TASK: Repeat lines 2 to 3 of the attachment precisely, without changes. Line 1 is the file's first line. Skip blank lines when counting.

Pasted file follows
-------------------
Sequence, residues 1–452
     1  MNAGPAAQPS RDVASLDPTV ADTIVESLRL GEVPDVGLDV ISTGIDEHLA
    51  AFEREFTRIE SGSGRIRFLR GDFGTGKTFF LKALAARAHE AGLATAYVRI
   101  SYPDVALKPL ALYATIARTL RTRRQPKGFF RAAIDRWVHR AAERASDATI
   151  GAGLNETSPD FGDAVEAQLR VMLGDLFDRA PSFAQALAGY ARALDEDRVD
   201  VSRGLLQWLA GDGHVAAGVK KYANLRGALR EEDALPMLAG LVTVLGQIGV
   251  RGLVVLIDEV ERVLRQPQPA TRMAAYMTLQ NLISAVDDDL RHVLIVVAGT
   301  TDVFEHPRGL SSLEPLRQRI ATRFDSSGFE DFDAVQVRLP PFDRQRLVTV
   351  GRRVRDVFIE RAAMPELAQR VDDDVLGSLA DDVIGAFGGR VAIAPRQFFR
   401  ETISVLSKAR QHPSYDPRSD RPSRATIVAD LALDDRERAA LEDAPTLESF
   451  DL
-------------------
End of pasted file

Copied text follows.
     1  MNAGPAAQPS RDVASLDPTV ADTIVESLRL GEVPDVGLDV ISTGIDEHLA
    51  AFEREFTRIE SGSGRIRFLR GDFGTGKTFF LKALAARAHE AGLATAYVRI